Our job makers speak hard truths

By The West Virginia Record | Mar 20, 2009

Politicians say otherwise, but government doesn't create jobs. Hard-working, risk-taking business executives in the private sector do.

Those interested in turning around a moribund West Virginia economy should take seriously a survey of business leaders released this week by the state Chamber of Commerce.

Eighty-one percent of the executives questioned said West Virginia's civil justice system is a pressing state problem that needs to be resolved. And 82 percent said the activism of our State Supreme Court justices is a problem. That's versus just 17 percent upset about employee health care costs and 18 percent annoyed about state business taxes.

Amidst the worst economic conditions since 1982, it's important to note that the complaining is being done by the only people who can make things better for us.

They're the business owners and the employers. The ones who can pull us out of this economic morass by investing and hiring more West Virginians, starting new business units or expanding current ones.

Business executives always are ready to risk money if they believe new investments will pay off. Right now they don't. And this survey explains why.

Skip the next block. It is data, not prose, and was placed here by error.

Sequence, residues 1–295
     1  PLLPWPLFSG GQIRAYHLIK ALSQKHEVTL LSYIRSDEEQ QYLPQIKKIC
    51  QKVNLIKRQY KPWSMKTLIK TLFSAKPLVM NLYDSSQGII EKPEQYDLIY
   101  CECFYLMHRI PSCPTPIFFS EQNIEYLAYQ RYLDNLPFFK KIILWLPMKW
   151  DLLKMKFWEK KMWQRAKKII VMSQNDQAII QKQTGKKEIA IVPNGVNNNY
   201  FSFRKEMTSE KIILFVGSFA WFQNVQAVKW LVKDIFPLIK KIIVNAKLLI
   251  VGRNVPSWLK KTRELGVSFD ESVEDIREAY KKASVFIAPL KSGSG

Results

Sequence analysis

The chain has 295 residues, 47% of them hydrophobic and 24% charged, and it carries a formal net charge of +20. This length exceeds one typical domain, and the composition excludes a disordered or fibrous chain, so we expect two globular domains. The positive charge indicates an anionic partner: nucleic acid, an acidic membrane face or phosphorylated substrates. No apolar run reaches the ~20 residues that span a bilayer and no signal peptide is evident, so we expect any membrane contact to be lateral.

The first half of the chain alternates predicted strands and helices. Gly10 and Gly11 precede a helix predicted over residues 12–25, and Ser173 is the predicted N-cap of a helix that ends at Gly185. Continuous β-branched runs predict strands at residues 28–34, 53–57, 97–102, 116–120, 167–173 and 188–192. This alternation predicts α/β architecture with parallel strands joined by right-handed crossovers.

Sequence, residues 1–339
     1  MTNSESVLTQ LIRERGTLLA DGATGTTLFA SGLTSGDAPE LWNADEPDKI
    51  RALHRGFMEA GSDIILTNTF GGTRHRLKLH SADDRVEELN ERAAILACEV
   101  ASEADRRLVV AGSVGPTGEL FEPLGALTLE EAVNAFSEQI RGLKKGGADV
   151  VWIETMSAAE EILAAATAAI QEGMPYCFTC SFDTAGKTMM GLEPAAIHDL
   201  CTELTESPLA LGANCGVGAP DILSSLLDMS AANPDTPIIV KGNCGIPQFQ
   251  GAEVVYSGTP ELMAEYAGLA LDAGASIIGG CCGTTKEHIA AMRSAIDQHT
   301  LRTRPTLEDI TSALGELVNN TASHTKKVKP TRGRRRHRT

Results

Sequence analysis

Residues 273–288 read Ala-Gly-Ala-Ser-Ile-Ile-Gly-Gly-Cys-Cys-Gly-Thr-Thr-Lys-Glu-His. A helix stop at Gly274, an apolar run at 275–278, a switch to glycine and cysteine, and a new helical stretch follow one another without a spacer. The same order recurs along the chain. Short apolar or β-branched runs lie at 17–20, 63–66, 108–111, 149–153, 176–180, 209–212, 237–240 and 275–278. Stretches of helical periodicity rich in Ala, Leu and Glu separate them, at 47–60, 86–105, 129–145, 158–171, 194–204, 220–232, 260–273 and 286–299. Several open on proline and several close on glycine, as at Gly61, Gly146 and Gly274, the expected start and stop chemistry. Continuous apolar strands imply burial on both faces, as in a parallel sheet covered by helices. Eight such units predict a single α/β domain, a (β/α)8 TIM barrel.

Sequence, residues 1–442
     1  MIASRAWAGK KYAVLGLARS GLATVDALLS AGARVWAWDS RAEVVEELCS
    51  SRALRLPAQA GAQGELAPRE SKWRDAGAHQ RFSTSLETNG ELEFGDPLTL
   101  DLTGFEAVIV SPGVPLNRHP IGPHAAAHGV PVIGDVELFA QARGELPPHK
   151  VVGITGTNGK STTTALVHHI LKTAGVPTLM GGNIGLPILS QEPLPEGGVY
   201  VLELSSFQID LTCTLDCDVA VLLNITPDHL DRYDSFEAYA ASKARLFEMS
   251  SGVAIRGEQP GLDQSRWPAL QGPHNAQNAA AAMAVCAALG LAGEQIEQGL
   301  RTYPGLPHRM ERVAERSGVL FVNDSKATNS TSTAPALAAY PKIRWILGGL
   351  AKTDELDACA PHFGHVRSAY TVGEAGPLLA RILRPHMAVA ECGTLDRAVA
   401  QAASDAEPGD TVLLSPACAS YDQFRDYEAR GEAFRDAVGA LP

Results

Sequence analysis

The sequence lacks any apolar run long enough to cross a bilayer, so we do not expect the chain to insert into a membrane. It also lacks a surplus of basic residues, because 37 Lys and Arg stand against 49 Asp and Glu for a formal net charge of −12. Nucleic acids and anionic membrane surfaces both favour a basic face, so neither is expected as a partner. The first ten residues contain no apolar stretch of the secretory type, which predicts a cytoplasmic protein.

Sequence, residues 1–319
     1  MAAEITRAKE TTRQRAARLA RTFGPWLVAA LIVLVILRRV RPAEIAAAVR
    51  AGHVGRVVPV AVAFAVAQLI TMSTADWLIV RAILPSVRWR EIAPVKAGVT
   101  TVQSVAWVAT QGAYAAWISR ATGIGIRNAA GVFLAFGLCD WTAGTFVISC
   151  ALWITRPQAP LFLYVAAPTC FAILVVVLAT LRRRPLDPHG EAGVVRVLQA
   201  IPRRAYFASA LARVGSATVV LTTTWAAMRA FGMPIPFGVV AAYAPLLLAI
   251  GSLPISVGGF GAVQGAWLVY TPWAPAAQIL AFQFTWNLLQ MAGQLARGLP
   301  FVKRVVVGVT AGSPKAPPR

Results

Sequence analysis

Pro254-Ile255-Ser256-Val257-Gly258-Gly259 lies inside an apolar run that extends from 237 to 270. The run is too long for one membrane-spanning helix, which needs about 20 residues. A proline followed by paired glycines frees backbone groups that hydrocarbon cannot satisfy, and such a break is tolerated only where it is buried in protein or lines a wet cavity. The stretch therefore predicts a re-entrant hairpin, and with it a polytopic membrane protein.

Frivolous lawsuits have consequences. One is that the lawsuits have made it too expensive to do business in West Virginia, according to the survey.

Trial lawyers protest they don't want "legal reform." In our Legislature today, those lawyers have the votes backing their point of view. Their interests and their political contributions are valued. How does that work for those wanting to work?

West Virginians should remember plaintiff's lawyers can't make the economy grow again. More lawsuits are good for them but often bad for the rest of us.

It's remarkable when diverse leaders representing a range of businesses in countless industries with competing interests speak in one voice. Equally remarkable is that all believe our runaway courts system -- more than anything else -- is holding back our local economy.

Our state leaders should be called upon to show West Virginia's job makers the respect they deserve.

Those who want jobs and growth should make those politicians listen.

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